The present invention provides a system and method for marking and providing a durable, robust and unique identification for a film print to facilitate the tracking of the origin of, e.g., a pirated film copy. The present invention enables the selection of locations, patterns and types of marks for marking a film print and providing a unique identifier for each marked film print that can be used for forensic purposes to identify the origin of a pirated film.
In one embodiment of the present invention, a method for marking and coding a film print, includes superimposing a computer-readable form of the film print with a graduated grid for accurately determining possible marking locations, determining optimal locations for applying at least one mark to at least one frame of the film print, the optimal locations for the at least one mark being selected from the determined possible marking locations, and uniquely coding the film print by selectively applying marks. Alternatively, the method can further include selectively and uniquely applying the marks to the film print during each replication of the film print such that each replication of the film print has a unique code.
In an alternate embodiment of the present invention, a system for marking and coding a film print includes a prescreening device configured to superimpose a computer-readable form of the film print with a graduated grid for accurately determining possible marking locations, a marking device configured to determine optimal locations for applying at least one mark to at least one frame of said film print, the optimal locations for said at least one mark being selected from the determined possible marking locations, and a coding device configured to uniquely code the film print by selectively applying marks and by using information regarding the selectively applied marks. Alternatively, the system can further include a storage device for storing determined unique codes and associated film marking information. Such stored information can be used at a later time for comparison with a suspected unauthorized copy of a film print to identify a source film print from which the suspected unauthorized film print copy was made. Even further a system for marking and coding a film print in accordance with the present invention can further include a scanning device for converting a film print to a computer-readable form.
The teachings of the present invention can be readily understood by considering the following detailed description in conjunction with the accompanying drawings, in which:
It should be understood that the drawings are for purposes of illustrating the concepts of the invention and are not necessarily the only possible configuration for illustrating the invention. To facilitate understanding, identical reference numerals have been used, where possible, to designate identical elements that are common to the figures.
The present invention advantageously provides a system and method for marking and identifying film prints for, for example, anti-piracy purposes. Although the present invention will be described primarily within the context of a film marking system comprising specific components for scanning and marking films, the specific embodiments of the present invention should not be treated as limiting the scope of the invention. It will be appreciated by those skilled in the art and informed by the teachings of the present invention that the concepts of the present invention can be advantageously applied using various other configuration and components. That is, the following description illustrates the principles of the present invention. It will thus be appreciated that those skilled in the art will be able to devise various arrangements that, although not explicitly described or shown herein, embody the principles of the invention and are included within its spirit and scope.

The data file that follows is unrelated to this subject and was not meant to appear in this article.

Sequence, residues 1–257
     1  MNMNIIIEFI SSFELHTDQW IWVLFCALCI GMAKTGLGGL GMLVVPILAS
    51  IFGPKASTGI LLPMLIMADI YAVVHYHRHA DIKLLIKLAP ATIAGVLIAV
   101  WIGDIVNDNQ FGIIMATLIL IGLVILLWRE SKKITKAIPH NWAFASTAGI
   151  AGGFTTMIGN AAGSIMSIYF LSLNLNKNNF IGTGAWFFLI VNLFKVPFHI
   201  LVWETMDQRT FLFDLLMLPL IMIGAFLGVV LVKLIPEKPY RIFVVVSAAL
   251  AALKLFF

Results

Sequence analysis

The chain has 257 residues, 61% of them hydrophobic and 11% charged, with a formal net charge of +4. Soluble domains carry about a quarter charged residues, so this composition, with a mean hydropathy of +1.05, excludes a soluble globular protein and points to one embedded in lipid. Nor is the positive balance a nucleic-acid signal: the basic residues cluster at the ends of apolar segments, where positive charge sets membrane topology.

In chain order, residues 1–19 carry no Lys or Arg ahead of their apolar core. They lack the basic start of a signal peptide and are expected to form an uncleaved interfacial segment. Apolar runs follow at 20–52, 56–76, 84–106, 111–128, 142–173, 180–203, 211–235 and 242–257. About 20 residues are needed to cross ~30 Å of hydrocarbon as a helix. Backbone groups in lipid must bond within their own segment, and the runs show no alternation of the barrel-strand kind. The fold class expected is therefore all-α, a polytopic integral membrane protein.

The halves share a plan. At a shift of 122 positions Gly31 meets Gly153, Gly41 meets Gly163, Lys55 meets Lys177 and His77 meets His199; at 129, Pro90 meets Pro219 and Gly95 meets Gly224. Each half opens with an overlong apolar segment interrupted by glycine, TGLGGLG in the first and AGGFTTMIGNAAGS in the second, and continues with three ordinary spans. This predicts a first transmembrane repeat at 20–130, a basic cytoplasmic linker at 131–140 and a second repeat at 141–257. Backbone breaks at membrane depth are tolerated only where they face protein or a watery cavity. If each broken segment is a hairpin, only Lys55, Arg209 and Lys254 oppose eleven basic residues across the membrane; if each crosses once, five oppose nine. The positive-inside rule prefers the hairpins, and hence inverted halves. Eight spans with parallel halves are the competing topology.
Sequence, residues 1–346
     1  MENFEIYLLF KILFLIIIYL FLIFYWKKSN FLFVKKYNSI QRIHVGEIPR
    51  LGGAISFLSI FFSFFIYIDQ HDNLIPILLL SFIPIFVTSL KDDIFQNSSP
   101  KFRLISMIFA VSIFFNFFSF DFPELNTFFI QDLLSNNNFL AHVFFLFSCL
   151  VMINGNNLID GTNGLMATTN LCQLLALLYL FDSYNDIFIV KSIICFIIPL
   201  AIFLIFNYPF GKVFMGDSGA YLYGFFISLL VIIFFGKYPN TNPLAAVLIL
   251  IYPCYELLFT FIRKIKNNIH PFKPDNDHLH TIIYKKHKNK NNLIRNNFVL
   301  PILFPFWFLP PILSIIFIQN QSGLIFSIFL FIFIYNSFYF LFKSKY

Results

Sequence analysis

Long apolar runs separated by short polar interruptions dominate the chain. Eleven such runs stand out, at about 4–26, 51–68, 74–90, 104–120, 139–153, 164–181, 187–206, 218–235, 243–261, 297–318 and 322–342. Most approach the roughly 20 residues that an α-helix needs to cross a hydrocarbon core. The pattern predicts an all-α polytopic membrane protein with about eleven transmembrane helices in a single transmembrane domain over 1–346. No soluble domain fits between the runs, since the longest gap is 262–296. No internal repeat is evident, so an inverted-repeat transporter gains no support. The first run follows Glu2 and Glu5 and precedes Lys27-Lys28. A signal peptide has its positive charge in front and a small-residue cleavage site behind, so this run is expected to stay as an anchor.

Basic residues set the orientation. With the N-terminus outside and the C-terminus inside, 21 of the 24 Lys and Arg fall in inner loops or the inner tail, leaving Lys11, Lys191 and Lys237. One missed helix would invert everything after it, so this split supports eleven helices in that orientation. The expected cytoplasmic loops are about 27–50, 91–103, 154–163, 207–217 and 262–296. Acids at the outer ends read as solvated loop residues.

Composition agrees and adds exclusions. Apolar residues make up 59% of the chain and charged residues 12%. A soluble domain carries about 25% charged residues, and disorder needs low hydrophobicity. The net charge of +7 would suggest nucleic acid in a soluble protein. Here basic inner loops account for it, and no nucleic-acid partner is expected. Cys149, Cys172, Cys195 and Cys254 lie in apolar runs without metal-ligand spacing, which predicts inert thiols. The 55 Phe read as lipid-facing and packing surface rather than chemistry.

Moreover, all statements herein reciting principles, aspects, and embodiments of the invention, as well as specific examples thereof, are intended to encompass both structural and functional equivalents thereof. Additionally, it is intended that such equivalents include both currently known equivalents as well as equivalents developed in the future, i.e., any elements developed that perform the same function, regardless of structure.
It should be understood that the elements and operations depicted in the accompanying figures can be implemented in various forms of hardware, software or combinations thereof. Preferably, these elements are implemented in a combination of hardware and software on one or more appropriately programmed general-purpose devices, which may include a processor, memory and input/output interfaces.
The scanning device 103 can comprise, for example, a telecine or any device that will generate a video output from film such as an Arri LocPro™ with video output. Alternatively, files from the post production process 110 (i.e., files already in computer-readable form) can be used directly. Potential sources of such computer-readable files are AVID™ editors, DPX files, D5 tapes and the like.